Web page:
There wasn’t any evidence that Sqan killed the bartender, but everyone in town assumed he did just because he was an orc. As sheriff, Dad refused to give him over to a lynch mob and let him out a back door.

So the mob lynched Dad instead. I guess they weren’t picky about which innocent person they strung up.

This meant that me and the twins all got branded as outcasts and shunned too, since we were orc lovers and “an orc killed my grandpappy” and what have you. Now we half-folk are pretty close-knit with big families. Everybody’s related to everybody. It didn’t mean much with Dad when his fifth and sixth cousins were doing their thing, but when it came to taking us in or even just taking our money, it was a big fat no.

The twins took it rough. Last I heard they were working as muckrakers in Harrowshire, for somebody who wasn’t half-folk or who paid them a low enough wage to compensate for their “treason.” Me, I took it rougher. Now I work the ruins of Anairo.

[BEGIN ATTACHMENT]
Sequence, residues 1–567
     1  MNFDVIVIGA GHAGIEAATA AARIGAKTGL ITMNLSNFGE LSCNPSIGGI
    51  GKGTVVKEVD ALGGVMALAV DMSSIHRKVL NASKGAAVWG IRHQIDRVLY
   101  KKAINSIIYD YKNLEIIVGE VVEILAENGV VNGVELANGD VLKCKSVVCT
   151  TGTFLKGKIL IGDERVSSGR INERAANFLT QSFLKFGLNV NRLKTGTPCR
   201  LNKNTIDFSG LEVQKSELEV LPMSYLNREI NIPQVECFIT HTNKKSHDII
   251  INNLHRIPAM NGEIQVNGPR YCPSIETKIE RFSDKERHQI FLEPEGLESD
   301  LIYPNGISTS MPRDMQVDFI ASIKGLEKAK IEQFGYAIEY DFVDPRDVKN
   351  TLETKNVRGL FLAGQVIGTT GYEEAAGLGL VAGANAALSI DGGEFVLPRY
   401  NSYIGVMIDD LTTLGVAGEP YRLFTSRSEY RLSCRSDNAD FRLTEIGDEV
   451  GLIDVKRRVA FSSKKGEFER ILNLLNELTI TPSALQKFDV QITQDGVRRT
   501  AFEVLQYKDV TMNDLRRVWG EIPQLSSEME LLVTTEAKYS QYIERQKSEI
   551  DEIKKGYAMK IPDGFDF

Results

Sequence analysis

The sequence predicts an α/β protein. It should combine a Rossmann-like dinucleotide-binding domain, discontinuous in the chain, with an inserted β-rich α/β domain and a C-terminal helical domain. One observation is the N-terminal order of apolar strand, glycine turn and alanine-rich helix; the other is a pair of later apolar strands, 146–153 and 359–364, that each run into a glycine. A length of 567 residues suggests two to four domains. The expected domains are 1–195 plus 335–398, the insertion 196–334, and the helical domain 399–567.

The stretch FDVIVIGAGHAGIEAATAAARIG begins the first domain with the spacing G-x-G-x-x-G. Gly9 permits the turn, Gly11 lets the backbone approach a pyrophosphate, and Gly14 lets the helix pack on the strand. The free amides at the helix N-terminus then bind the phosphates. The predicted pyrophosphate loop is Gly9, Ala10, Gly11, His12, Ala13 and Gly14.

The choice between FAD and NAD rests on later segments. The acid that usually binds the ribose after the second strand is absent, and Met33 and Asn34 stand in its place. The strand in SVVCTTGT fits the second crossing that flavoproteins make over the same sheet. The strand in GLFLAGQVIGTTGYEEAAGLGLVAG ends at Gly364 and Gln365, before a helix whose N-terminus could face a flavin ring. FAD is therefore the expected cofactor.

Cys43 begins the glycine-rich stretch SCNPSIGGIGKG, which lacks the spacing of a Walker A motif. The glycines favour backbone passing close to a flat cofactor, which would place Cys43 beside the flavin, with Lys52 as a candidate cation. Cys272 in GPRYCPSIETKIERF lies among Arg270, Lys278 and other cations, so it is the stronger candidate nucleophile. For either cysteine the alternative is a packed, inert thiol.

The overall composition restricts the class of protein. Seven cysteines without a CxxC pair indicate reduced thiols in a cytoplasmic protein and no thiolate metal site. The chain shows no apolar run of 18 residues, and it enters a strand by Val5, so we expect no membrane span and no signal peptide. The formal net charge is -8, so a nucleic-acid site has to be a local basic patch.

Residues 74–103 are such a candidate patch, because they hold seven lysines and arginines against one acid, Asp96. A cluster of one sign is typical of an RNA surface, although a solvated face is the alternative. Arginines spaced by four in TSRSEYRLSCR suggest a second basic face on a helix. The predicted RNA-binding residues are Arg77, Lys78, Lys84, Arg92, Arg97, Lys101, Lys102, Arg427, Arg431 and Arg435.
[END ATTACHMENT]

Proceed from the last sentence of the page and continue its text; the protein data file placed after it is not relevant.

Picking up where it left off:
It’s close enough to Harrowshire that most of the folk there look at me askance, and most of the shopkeepers won’t buy what I’m selling. But they’ll take my money, at least, and that means that whatever ingots with dead kings I can find deep below are good for them.

No one knows how deep Anairo goes, or how the tunnels are mostly still intact after a thousand years under the water table. Not even the people who supposedly built it, squatting on the ruins. But there’s money to be made, literally made, with a mold and a hammer and gold smelted centuries ago. I’m not the biggest or the toughest or the smartest, but I’m quick on my feet and canny as hell. I’ll make it work. I’ll buy back Dad’s good name. I might even find and kill Squan, who went into the ruins two years ago and never came out.

Or I’ll die trying.

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